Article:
Well - give me an example? Does all knowledge require empirical verification? I wouldn’t think so. It can be straight logical necessity.

I would say it is not a false dichotomy in the sense of belief we are discussing in this OP. I understand what you are saying, but again I think you and others here are conflating multiple senses of the word belief that includes other senses of the word belief I didn’t bring about as what I am referring to as belief in this thread. Please note again, that it is not my definition, I didn’t make it up, it is one that is used by others.

It’s a claim backed by epistemologists - I think Bertrand Russell may be one of them, not sure at this point but I addressed this in the OP, please see “attitude” in this thread (a quick word search from a browser on each page should bring it up nicely). Would be interested in Sam Harris’ take on this matter if you have a link.

I don’t see how what I said “made fun of” beliefs as opposed to criticized, but that doesn’t really matter so much does it? Unless one has beliefs that any remarks of mine may have been cutting to a belief system maybe? In such I understand the harshness by some, against my thread here.

Anyone emotionally invested in a world view that gets upset about defending it is highly suspect. There’s a general rule of thumb, the first to rise to anger in debate has already shown they have lost. A knowledgeable mind, is calm and thoughtful. I regret jumping to the religious upshoot as I did, straight from the core of my thesis- I would prefer we put that behind us because it is only getting in the way of the greater thesis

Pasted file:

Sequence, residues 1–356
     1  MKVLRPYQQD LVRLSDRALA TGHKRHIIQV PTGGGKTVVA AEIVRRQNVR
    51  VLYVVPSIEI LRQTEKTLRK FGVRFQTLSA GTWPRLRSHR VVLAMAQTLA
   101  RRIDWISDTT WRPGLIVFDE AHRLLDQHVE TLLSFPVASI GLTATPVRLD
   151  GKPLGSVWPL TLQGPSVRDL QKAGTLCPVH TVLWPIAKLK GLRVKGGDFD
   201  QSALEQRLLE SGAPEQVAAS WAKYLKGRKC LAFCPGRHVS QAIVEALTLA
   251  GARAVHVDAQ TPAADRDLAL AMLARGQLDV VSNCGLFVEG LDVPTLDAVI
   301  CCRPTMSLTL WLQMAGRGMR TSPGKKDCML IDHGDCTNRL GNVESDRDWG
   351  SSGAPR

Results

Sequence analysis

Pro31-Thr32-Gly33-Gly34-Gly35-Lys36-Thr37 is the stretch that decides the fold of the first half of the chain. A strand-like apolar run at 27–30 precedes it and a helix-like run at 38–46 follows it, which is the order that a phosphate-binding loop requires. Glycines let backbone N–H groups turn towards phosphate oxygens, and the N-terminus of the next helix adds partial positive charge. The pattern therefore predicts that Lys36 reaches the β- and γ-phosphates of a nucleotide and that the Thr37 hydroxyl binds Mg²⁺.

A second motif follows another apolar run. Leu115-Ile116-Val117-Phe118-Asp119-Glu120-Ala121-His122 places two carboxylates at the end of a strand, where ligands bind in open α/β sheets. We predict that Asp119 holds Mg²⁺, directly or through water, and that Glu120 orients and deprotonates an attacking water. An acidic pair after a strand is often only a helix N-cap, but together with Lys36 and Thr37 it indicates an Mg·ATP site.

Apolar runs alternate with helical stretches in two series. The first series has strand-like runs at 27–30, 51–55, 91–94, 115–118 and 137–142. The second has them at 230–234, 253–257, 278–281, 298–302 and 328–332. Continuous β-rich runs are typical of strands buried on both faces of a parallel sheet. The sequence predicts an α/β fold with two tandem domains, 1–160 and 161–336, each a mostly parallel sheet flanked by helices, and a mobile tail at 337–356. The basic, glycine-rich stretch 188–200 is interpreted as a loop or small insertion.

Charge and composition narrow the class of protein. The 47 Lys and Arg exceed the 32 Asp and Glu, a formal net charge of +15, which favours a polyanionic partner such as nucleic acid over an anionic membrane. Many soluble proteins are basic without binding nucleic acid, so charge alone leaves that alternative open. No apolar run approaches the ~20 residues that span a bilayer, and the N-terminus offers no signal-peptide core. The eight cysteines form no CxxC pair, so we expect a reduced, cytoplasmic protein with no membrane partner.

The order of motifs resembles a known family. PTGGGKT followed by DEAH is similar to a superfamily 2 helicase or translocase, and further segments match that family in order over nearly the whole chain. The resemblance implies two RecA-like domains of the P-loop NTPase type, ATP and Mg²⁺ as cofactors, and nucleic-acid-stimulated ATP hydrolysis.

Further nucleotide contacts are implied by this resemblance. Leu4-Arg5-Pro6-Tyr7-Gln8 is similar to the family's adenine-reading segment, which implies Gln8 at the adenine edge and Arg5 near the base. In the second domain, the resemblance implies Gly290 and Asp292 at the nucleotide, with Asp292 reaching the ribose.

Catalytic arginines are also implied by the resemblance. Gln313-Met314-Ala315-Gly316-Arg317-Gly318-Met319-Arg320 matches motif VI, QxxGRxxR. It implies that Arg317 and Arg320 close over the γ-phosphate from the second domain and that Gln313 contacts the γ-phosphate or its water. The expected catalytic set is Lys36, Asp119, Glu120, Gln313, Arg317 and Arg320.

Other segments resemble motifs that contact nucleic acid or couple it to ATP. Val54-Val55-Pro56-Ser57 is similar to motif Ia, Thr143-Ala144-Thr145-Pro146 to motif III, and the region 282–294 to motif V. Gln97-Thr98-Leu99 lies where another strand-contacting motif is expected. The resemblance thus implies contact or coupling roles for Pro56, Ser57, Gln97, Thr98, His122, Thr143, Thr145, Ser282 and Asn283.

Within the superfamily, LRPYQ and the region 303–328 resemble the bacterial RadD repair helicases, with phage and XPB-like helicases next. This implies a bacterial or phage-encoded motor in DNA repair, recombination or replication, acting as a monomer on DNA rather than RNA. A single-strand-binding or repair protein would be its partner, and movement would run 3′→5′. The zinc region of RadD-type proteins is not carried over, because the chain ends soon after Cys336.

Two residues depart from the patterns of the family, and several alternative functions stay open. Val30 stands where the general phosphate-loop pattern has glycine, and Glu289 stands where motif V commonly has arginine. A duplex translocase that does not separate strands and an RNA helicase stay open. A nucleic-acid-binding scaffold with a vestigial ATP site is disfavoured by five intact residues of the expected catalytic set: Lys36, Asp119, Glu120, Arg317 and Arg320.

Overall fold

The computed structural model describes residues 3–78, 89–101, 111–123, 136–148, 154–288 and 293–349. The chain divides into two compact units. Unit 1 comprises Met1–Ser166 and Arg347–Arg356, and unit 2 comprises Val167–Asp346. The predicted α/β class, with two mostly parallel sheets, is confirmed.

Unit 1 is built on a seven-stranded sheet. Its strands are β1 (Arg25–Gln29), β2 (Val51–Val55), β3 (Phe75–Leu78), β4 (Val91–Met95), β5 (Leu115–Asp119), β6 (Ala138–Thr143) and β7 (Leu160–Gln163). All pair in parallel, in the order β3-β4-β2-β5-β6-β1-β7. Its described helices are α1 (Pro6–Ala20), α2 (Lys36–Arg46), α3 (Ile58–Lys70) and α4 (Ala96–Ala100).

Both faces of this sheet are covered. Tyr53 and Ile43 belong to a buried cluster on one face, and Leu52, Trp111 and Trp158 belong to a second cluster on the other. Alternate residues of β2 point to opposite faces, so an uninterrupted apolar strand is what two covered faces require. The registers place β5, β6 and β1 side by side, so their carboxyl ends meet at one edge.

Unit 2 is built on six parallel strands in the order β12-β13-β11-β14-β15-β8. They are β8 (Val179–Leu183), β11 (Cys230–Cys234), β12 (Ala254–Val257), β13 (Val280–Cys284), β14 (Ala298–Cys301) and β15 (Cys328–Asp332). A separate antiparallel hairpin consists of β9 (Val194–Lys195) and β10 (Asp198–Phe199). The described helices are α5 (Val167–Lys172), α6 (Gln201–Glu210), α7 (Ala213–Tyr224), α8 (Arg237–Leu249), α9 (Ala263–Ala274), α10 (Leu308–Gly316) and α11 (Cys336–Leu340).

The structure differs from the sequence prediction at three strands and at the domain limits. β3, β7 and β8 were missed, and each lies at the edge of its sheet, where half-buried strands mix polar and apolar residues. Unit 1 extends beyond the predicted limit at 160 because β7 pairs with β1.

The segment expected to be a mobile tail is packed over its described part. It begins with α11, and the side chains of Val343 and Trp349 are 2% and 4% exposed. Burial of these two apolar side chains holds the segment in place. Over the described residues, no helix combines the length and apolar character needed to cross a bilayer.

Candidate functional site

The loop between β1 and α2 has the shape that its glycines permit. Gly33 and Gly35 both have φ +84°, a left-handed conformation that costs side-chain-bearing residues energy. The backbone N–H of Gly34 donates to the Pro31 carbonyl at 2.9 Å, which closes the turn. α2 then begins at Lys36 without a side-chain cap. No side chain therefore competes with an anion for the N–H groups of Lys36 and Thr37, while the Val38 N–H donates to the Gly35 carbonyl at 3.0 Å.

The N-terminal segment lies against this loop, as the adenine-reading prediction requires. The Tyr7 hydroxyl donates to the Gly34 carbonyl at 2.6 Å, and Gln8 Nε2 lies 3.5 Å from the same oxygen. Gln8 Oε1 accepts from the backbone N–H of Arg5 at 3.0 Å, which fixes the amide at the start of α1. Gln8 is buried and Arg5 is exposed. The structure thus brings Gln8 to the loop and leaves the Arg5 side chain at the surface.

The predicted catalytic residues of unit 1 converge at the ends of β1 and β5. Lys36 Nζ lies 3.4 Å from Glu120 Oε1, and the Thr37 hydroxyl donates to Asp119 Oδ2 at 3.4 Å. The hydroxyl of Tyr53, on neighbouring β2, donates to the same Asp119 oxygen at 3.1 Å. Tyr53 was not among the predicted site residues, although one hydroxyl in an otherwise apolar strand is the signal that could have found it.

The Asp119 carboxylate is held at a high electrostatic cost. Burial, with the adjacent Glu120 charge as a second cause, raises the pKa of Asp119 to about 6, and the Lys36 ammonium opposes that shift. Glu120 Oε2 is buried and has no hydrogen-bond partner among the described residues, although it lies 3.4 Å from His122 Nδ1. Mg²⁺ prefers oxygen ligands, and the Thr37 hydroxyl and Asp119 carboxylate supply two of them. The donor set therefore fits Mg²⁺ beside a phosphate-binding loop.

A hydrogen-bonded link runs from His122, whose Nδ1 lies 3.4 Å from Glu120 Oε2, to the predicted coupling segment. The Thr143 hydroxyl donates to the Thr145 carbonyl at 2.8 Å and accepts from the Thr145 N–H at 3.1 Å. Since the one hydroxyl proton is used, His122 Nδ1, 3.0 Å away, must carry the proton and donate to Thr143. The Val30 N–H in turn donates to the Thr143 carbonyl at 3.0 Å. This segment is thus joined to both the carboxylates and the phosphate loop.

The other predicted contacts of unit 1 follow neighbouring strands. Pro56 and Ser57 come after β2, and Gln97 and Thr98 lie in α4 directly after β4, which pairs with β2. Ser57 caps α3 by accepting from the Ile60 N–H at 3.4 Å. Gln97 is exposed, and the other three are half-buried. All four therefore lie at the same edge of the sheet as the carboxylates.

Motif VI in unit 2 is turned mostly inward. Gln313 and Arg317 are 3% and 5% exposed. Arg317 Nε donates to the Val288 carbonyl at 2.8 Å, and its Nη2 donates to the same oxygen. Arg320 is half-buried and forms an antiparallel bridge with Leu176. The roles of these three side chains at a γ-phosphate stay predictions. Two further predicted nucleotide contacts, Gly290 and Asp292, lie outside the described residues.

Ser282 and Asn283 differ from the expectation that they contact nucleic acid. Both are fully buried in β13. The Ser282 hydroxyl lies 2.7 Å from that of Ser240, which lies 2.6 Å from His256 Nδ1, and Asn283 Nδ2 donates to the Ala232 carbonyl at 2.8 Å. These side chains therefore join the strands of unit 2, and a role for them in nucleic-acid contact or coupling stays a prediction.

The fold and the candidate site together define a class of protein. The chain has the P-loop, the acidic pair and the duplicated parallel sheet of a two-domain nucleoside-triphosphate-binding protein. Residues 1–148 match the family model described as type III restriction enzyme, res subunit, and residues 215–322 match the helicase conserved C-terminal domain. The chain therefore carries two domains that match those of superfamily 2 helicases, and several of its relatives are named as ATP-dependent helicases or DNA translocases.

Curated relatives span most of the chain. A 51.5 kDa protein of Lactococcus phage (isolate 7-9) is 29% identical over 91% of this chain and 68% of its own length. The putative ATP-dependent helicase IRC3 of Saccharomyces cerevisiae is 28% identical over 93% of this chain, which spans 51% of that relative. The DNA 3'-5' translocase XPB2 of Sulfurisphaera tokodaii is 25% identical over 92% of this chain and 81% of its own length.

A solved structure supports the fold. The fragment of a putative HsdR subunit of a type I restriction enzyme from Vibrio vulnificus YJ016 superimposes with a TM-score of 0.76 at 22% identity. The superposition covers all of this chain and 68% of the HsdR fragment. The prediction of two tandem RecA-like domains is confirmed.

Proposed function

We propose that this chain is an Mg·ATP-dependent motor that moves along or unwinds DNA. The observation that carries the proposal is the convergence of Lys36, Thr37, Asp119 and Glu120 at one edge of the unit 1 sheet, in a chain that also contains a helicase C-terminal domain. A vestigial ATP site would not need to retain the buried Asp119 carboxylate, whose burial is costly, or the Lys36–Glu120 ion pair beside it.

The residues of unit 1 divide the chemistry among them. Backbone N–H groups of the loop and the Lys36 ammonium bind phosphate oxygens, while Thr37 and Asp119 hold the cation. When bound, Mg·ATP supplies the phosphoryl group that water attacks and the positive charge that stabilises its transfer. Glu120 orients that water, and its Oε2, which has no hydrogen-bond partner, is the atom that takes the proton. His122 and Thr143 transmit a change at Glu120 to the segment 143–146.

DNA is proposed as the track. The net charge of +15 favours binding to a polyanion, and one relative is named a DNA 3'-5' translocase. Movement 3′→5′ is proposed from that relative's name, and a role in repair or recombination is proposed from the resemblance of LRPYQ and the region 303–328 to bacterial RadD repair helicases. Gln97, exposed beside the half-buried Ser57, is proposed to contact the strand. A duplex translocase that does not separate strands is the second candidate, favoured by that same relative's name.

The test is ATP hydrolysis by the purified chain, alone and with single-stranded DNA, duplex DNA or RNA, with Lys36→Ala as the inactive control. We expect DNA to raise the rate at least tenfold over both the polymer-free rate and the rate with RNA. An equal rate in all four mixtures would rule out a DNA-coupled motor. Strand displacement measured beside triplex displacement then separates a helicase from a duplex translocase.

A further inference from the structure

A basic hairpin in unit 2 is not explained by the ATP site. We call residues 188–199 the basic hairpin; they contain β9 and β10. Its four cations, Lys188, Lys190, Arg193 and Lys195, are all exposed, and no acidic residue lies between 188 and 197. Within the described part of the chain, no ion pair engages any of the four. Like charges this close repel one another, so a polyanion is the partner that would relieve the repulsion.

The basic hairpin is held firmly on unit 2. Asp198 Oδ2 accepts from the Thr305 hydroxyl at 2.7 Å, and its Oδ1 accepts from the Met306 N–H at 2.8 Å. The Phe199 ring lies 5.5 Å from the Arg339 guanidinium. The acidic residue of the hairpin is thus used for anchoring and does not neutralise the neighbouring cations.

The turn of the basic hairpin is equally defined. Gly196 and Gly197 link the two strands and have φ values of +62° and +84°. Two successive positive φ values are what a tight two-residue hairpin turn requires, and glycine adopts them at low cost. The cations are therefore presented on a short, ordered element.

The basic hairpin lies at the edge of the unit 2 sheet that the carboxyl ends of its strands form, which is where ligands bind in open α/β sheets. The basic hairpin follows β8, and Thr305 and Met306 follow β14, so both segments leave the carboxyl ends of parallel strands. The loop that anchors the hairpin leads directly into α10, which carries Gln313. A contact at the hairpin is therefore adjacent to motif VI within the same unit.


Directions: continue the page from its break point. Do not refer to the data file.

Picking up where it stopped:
Keep in mind I provided the sense of belief I was referring to already… see previous comments as well on this matter.

I neither believe, only know, and am filled with doubt and questions everywhere else. I have opinion’s that aren’t a matter of belief in the sense of belief I am referring to and I have knowledge that isn’t a matter of belief in the sense I am referring to. I don’t think it is ample to conflate all senses of belief into one giant sense and build an epistemic frame from it - definitions and use don’t usually work that way, in our meanings. The multiple definitions we are all aware of are merely homonymous to the word belief; It seems people in general don’t really understand that very well.